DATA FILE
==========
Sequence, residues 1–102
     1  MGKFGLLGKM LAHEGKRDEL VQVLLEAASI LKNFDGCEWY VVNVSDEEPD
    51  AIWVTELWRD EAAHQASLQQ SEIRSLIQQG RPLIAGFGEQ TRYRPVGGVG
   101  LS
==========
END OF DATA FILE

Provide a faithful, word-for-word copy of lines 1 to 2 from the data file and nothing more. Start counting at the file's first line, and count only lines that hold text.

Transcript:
Sequence, residues 1–102
     1  MGKFGLLGKM LAHEGKRDEL VQVLLEAASI LKNFDGCEWY VVNVSDEEPD